Amazon Brings Skill Monetization to the UK and Germany
Amazon is extending the option for in-skill Alexa payment to developers in the United Kingdom and Germany starting this week. The two countries are the third and fourth nations to have the option to monetize Alexa skills, just days after the program first came to Japan.
As Voicebot previously reported, Alexa skill monetization became available in the U.S. around two years ago with a subscription for the Jeopardy! game skill. Since then, Amazon has worked to improve and streamline the monetization system, for instance offering a tool to integrate monetization into the skill software.
Depending on the kind of service developers want to offer, purchases can be one-time or recurring, and premium products can be added or removed from a skill’s virtual store. Amazon takes a 30 percent cut of all purchases, and developers can track the sales rate of their products and adjust accordingly.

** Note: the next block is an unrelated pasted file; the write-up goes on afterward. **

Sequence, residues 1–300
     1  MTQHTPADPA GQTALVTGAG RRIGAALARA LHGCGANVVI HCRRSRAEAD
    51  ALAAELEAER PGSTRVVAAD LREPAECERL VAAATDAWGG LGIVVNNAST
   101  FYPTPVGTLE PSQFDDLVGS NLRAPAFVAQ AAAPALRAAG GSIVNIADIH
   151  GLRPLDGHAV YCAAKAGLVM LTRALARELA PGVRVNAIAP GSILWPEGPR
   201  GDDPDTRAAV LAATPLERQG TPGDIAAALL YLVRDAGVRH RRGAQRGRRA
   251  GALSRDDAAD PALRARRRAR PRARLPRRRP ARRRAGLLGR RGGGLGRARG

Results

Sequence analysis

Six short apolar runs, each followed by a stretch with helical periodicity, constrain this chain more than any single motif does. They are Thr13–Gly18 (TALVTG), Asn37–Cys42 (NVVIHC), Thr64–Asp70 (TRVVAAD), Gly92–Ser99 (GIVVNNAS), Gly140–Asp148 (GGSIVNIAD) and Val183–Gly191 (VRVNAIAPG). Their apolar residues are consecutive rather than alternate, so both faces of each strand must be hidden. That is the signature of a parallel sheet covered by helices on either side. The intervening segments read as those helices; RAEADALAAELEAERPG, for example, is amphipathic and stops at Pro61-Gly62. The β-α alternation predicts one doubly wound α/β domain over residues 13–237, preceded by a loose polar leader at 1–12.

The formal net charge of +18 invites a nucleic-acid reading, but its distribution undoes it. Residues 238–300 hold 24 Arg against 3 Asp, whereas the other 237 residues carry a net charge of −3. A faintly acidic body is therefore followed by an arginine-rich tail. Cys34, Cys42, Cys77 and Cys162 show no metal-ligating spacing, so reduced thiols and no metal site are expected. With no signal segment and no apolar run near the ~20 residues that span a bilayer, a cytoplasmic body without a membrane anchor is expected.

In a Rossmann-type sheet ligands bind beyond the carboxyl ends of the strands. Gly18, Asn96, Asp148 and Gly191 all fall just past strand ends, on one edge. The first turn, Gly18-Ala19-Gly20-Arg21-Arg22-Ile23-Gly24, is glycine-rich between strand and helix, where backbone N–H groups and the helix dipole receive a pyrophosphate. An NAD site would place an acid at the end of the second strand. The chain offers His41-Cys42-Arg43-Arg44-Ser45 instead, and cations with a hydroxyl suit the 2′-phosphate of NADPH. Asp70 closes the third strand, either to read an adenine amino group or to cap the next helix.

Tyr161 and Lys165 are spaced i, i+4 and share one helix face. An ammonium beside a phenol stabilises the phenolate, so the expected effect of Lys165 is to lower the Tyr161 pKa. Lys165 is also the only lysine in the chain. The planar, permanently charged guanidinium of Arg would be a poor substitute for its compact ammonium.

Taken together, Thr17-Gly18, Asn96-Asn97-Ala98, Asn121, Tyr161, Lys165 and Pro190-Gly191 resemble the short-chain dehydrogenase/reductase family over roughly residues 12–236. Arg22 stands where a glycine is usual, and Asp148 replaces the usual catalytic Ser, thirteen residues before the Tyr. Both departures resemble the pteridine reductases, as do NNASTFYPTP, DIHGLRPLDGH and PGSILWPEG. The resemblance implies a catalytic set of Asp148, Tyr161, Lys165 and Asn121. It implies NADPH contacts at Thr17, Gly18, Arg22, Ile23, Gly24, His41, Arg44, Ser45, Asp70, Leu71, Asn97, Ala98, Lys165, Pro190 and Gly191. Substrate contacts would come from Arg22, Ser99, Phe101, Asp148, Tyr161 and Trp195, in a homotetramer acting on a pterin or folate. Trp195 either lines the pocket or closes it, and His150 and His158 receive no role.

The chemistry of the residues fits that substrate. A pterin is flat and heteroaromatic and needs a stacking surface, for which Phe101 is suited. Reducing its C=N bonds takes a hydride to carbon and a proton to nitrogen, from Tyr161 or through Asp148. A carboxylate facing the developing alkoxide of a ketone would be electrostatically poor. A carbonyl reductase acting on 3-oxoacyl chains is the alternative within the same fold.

Though there aren’t industry-wide metrics available as of yet, Amazon has touted a few examples of app developers bringing in significant income from their premium offerings and has claimed that there is a large, untapped market for in-skill purchases, both in existing skills and in ones that haven’t yet been created. To encourage developers to make Alexa skills with a virtual store in the U.S., Amazon has regularly offered special deals and promotions to those who include in-skill purchases as an option.
The first wave of in-skill purchases for Germany and the UK run the gamut of games and services. Both countries have language learning skill subscription options, as well as features like a cell phone locator skill in Germany and a hypnotherapy session skill in the UK.
Amazon has hinted at plans to grow its in-skill purchasing map beyond these early countries but hasn’t yet made public where they will look to next. The concerted effort by Amazon to grow the voice assistant developer community beyond the United States in general, and the rapid-fire roll-out to Germany and the UK after Japan suggests the company wants to cover more of the globe as fast as it can feasibly arrange it.